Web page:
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Friday, September 02, 2005

Am I Being Too Harsh?

So I fly into Charlotte last night about 9:00 and head over to my hotel. On the way, I stop at McDonald's to get the good old number 1 (Big Mac, fries, drink) to go. The young man behind the counter seemed nice enough, although he could have been a whole lot cleaner. And the filthy hat could have been thrown away.

And I wish they'd furnished him gloves.

After having given him a ten, he hands me my change and a bag o' stuff. Then he passes me my empty cup with which I'm supposed to go find the coke dispenser and pour my own drink. Saves on labor costs, I guess.

It was the manner in which he handed me my cup that pissed me off. He held it with his bare, greasy hand by the rim, with four fingers wrapped over the rim and down the inside and his thumb braced against the outside. He set it on the countertop.

There was no way I was touching that cup. He might as well have run his tongue around the rim. I would have had the same reaction. Perhaps.

So I asked - politely - for another cup.

"What?" he asked.

"Your fingers were inside my cup, man. I'm not drinking out of that thing."


He didn't seem to be particularly flustered by my request. In all probability, I wasn't the first person that day that had requested that he not share his germs with his customers. He simply reached for another cup and set it on the counter, at least being careful not to ram his hand down inside this time.

I took my bag o' stuff, filled my cup with Diet Coke, and left for the hotel.

I usually enjoy the occasional Big Mac. But somehow, on this particular night, I was haunted by this recurring thought about ...

An Escalating Sense of Foreboding

The forecasts that came out of the Gulf as Hurricane Katrina came roaring ashore were disconcerting in the extreme. The estimates of potential damage were enough to frighten the most steeled person. And the news footage of chaos and the breakdown of civil order now coming out of New Orleans is shocking. Not only does it seem we are witnessing the struggle of a citizenry to survive, the predictions for the future are not encouraging.

This comes from James Taranto in The Wall Street Journal:

'Will New Orleans Recover?'

City Journal's Nicole Gelinas, a onetime resident of New Orleans, asks the question that's been on our mind the past few days. She isn't optimistic:

"No American city has ever gone through what New Orleans must go through: the complete (if temporary) flight of its most affluent and capable citizens, followed by social breakdown among those left behind, after which must come the total reconstruction of economic and physical infrastructure by a devastated populace.

And the locals and outsiders who try to help New Orleans in the weeks and months to come will do so with no local institutional infrastructure to back them up. New Orleans has no real competent government or civil infrastructure--and no aggressive media or organized citizens' groups to prod public officials in the right direction during what will be, in the best-case scenario, a painstaking path to normalcy."

The New Orleans crime rate during normal times is 10 times the national average, Gelinas writes, and "the city's economy is utterly dependent on tourism. . . . New Orleans has experienced a steady brain drain and fiscal drain for decades, as affluent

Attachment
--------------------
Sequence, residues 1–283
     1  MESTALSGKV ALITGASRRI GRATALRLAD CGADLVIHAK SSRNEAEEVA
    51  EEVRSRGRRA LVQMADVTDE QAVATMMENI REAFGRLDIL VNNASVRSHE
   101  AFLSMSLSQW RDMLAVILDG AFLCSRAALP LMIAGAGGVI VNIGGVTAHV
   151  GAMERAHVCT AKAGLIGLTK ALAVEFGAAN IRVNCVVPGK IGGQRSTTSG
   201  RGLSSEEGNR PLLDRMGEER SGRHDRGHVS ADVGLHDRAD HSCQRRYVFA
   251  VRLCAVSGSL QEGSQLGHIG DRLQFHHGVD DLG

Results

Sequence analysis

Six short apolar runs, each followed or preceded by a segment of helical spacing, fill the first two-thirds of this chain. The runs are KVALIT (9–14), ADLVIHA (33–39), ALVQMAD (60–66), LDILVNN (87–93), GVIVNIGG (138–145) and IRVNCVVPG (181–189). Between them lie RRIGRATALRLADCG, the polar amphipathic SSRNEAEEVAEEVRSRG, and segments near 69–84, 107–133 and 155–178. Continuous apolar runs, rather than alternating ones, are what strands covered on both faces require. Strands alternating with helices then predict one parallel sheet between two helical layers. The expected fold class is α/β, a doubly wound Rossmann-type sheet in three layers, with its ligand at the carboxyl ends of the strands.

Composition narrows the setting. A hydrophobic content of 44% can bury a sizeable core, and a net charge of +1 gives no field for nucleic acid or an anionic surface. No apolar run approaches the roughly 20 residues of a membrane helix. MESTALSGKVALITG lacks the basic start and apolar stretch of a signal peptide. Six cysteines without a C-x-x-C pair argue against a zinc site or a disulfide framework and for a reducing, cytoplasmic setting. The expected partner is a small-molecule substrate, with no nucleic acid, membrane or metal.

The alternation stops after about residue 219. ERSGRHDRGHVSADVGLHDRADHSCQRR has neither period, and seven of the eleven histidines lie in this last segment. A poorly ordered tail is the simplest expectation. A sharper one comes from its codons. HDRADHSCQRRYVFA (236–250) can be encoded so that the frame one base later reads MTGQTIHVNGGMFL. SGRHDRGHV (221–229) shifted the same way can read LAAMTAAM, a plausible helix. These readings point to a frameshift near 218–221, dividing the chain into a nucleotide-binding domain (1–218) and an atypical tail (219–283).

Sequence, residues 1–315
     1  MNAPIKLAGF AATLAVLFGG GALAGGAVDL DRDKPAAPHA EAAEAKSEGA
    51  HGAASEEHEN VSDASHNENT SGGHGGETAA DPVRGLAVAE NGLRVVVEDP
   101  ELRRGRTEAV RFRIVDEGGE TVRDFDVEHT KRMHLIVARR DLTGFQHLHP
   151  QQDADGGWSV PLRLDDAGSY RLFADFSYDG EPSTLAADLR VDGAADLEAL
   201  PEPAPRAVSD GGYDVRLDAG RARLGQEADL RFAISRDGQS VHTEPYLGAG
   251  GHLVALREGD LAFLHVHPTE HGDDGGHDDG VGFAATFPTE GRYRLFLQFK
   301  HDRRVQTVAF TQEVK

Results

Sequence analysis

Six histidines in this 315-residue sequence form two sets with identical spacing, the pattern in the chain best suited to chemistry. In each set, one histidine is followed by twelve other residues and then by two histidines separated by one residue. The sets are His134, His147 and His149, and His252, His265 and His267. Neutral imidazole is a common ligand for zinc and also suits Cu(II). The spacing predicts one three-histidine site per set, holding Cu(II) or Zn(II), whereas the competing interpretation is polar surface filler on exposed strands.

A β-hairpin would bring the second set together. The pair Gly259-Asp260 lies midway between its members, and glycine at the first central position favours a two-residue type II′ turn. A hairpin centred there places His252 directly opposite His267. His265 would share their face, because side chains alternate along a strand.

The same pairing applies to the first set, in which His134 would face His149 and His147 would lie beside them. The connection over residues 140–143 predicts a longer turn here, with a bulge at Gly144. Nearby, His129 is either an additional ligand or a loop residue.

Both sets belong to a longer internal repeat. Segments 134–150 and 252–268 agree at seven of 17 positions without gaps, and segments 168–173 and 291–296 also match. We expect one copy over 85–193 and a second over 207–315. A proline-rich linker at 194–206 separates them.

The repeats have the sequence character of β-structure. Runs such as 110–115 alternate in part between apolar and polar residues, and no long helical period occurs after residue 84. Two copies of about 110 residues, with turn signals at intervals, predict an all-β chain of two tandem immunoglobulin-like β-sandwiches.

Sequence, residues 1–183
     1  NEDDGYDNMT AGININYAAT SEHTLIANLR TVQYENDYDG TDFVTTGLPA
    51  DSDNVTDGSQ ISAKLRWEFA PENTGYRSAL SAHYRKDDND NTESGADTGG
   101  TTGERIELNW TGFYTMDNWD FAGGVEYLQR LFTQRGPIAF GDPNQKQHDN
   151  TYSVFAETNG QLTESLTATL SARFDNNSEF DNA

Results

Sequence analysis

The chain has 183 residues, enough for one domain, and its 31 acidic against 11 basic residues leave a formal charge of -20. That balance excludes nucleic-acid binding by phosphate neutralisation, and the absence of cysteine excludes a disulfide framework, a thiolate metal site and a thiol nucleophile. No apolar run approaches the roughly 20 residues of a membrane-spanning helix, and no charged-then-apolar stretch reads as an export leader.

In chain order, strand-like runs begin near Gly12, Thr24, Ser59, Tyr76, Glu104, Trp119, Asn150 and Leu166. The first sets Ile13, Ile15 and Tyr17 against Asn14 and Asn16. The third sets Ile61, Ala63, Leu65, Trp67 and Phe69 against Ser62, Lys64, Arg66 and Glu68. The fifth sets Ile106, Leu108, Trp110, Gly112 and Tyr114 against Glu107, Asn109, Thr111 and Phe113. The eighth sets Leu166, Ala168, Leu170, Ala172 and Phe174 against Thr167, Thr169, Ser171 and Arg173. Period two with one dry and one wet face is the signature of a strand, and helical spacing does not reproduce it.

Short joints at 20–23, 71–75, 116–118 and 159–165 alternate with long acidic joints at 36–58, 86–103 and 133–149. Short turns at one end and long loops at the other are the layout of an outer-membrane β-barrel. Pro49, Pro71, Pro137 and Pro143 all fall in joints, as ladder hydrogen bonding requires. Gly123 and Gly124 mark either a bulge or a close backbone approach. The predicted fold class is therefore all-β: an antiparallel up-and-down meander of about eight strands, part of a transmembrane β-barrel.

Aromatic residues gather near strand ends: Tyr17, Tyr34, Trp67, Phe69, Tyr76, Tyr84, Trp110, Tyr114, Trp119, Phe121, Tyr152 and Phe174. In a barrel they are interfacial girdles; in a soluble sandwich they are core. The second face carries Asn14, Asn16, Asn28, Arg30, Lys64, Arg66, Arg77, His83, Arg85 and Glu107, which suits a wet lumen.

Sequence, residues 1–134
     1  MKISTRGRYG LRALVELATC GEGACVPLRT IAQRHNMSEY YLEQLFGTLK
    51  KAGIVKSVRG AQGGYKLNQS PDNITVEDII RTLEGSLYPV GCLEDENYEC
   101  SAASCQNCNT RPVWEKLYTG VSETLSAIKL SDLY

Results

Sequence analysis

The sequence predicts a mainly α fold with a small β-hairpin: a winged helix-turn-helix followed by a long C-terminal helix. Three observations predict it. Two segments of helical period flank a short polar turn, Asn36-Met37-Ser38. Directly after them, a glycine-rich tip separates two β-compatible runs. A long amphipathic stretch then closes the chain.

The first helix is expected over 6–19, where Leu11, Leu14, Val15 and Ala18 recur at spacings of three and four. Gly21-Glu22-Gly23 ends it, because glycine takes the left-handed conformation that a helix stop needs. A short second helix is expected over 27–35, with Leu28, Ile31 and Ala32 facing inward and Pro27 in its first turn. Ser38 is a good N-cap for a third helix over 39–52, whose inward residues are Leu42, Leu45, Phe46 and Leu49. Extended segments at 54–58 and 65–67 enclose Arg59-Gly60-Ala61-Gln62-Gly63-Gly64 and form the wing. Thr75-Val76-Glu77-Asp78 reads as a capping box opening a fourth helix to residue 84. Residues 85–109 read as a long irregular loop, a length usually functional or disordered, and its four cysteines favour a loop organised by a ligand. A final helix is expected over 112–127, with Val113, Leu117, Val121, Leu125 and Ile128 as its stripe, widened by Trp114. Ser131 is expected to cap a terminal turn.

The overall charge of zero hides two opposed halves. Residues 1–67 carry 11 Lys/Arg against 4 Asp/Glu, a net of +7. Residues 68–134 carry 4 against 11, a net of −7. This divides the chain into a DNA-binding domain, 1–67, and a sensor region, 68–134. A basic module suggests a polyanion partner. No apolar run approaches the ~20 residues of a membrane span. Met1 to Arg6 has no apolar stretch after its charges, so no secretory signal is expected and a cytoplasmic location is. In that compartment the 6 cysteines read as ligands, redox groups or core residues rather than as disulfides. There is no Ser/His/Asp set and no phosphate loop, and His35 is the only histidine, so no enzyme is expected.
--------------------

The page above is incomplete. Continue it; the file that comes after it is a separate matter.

corporations and individuals have fled, leaving behind a large population of people dependent on the government. Socially, New Orleans is one of America's last helpless cities--just at the moment when it must do all it can to help itself survive." (

This puts into perspective the scenes coming out of "The Big Easy" depicting a populace sitting amid the wreckage waiting for someone to come to their aid. Though many are unable to flee, the vast majority, if motivated to do so, could, with a modicum of difficulty, pack a bag and walk, swim, or float - crawl - to safety. Instead they wait.

New Orleans will never be the same, say many. If Taranto and Gelinas are right, that may not be a bad thing.

Quote Of The Day

"Last year, when hurricane Charley struck Florida, the complaint was that Bush was too responsive. "Even before the storm hit, the president declared four counties disaster areas to speed federal money to victims," CBS News reported a year ago. "But that quick response fueled suspicion that he is using disaster politics to help his campaign in one of the most critical battleground states."

Some people respond to a horrific natural disaster by taking cheap shots at their political opponents. Others respond by stealing TV sets. The underlying impulse knows no boundaries of social class." James Taranto, Best of the Web, September 2, 2005

Quote of the Day II

James Taranto was on a roll yesterday. I wanted to cite the entry below found in Best of the Web, but in addition I'll encourage you to fork over the necessary cash and get a subscription to The Wall Street Journal. He's that good.
Reuterville Body Count

Under the subheadline MILESTONE LOOMS, Reuters engages in a pointless and ghoulish bit of calculation:

In the nearly 2-1/2 years of the [Iraq] war, the average death toll for U.S. troops has been 2.1 per day. If that pace continues, the U.S. death toll would reach 2,000 in late October. U.S. military deaths still remain far below the total and rate of the Vietnam War, in which 58,000 U.S. troops died.

Also if this pace continues, the Iraq death toll will top Vietnam's in just 73 years, and every American now alive will have been killed in Iraq by the year 389543. (link)
What is with Reuters? What kind of monster sits at a desk and calculates future body counts of American soldiers?